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Amos Elliott has had his home in Champaign County fifty-four years, grew to manhood here, and his active life has been one of unremitting industry and capable management as a farmer. His home is in Ogden Township on Rural Route 15 out of St. Joseph.
His birth occurred at Rushsylvania in Logan County, Ohio, January 9, 1851. His parents were Moses and Mary (Bonner) Elliott, the former a native of Pennsylvania and the latter of Ohio. The Elliott family came to Illinois in 1860, lived in Coles County a time, but in April, 1863, while the Civil War was at its height, settled in Somer Township of Champaign County, not far from Urbana. Moses Elliott was a blacksmith by trade and he set up a shop and did work in Somer Township while conducting his farm. Amos Elliott was the oldest of seven children. He secured his education largely in the district school of Locust Grove.
Until he was twenty-seven he remained at home assisting his father in the work and then married Miss Sarah Kirby. Mrs. Elliott was born at Hannibal, Missouri, daughter of William and Charlotte Kirby. Soon after her birth her father died and when she was two years of age she was left an orphan “by the death of her mother. There were four children in the Kirby family and after being left orphans they grew up among relatives. A great-aunt of the children was Lucy Clements, who lived in Illinois. Mrs. Clements took one of the Kirby children at the age of two years and some years later, when she again visited her people in Missouri, she brought back to her home the little orphan niece, Sarah Kirby, then nine years of age. Mrs. Clements and her good husband deserve more than a passing tribute. In the goodness of their hearts they reared not only six children of their own but seventeen orphan children, educating them and providing them homes until they were ready to take their places in the world. Some of these children they took when only six weeks old. An example of such generosity and large-heartedness is seldom found, and the world would be vastly better were there more such people. Mrs. Elliott and her children, and perhaps her children’s children, will never be allowed to forget and pay gratitude to the names of James and Lucy Clements. Their home was in the southern part of Somer Township of this county. Here Sarah Kirby attended the Locust Grove district school.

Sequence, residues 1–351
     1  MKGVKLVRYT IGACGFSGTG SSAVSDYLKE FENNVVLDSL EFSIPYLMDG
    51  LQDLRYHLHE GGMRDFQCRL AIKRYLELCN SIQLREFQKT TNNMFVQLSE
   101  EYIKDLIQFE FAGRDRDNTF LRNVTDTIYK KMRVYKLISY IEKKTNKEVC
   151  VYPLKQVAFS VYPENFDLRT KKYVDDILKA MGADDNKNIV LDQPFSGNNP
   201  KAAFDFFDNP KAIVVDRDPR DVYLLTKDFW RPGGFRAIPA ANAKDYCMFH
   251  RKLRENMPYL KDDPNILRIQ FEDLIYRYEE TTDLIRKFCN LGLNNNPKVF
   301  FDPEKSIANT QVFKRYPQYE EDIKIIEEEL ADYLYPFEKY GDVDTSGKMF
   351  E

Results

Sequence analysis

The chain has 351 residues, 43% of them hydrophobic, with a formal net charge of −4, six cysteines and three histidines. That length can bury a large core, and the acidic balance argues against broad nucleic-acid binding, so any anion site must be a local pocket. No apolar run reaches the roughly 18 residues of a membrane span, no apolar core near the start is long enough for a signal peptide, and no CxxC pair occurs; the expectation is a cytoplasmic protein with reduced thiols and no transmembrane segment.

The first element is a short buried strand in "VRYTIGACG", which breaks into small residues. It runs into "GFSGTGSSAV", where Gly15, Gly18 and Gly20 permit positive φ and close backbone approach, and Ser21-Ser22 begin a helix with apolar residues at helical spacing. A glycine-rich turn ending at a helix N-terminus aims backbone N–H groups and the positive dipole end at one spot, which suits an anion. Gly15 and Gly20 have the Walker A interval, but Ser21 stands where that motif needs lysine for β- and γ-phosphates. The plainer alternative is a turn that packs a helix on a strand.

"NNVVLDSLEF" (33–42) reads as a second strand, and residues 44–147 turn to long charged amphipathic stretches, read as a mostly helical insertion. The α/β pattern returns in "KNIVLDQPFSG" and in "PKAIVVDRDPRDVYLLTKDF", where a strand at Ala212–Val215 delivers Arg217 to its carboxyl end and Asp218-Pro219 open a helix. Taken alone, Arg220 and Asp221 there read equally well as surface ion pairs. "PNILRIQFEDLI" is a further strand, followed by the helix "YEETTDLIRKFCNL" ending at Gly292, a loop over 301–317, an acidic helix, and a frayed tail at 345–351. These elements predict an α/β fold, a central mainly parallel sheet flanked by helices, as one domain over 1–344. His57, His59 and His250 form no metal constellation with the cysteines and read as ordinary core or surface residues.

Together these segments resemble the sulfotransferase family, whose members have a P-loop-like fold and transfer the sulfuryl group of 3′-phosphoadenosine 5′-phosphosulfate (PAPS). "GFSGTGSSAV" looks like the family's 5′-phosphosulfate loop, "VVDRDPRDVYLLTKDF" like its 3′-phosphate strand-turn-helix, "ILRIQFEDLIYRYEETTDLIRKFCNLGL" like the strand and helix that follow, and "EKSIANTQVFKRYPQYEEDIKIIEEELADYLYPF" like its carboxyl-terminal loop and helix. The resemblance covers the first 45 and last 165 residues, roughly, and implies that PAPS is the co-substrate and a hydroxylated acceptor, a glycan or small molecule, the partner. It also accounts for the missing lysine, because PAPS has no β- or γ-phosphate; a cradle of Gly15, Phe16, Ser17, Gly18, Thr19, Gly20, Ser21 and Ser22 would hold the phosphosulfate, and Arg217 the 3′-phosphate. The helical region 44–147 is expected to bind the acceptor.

Mr. and Mrs. Elliott were married March 17, 1878, when she was twenty-four years of age. At the time of their marriage they had little of this world’s goods and they lived on a rented farm in Stanton Township for a few years. They next removed to Ogden Township, again rented land, and out of what they made and saved they were finally able to buy eighty-eight acres in that township at a price of $30 an acre. The only improvement was some old fencing and the land abounded in sloughs and wet places. While to many the outlook might have been discouraging, Mr. and Mrs. Elliott began at once with hope and energy, and the years have abundantly rewarded their efforts until today they own 240 acres of farm land and their present home is on an eighty-acre tract adjoining their first purchase. Their home surroundings are now of the best.
The children born to Mr. and Mrs. Elliott were named Clara, Fred, Mary, Emmett, Bertha and Nellie. Mary and Nellie died in childhood. The other children as they grew up were educated in the Union district school. Clara Elliott is now the wife of W. H. Davis, living at Muskogee, Oklahoma, and they have one child, Lavon. Fred Elliott is a farmer a mile and a half south of Ogden and married Maggie Freeman. Emmett Elliott remains on his father’s farm as manager and married Zella Bradley. Bertha Elliott is the wife of Rolla Freeman, an Ogden Township farmer, and they have a son, Rolland.
Mr. and Mrs. Elliott are active members and supporters of the Prospect Christian Church, Mr. Elliott being chairman of its board of trustees. For twenty-one consecutive years he served as school director and for the benefit of his own children and those of the entire community he gave much time and study to every problem involved in procuring the best advantages of instruction. For eighteen successive years Mr. Elliott served as commissioner of highways. He was reared in the Republican party and has always been faithful to its principles. Six of his uncles did service for the country in the dark days of the Civil War, and Mr. Elliott himself would have followed their example had he been old enough. He is a member of the Masonic order, and he and his wife are members of the Court of Honor and two of their daughters belong to the Eastern Star.
When the Elliott family settled in Champaign County not a rod of tile drainage existed anywhere. Mr. Elliott’s father was one of the first to put in any tiling, and whether on their own land or in drainage districts, the Elliotts have always taken a firm stand in advocating this improvement, whose benefit and value can never be properly estimated. It is through drainage largely that Champaign County has become one of the garden spots of the world. Mr. Elliott as a boy recalls a time when the wet lands of eastern Champaign County were a haven for immense flocks of wild geese, crane, ducks, pigeons, and even deer and wolves roamed over the prairies when Mr. Elliott was a boy.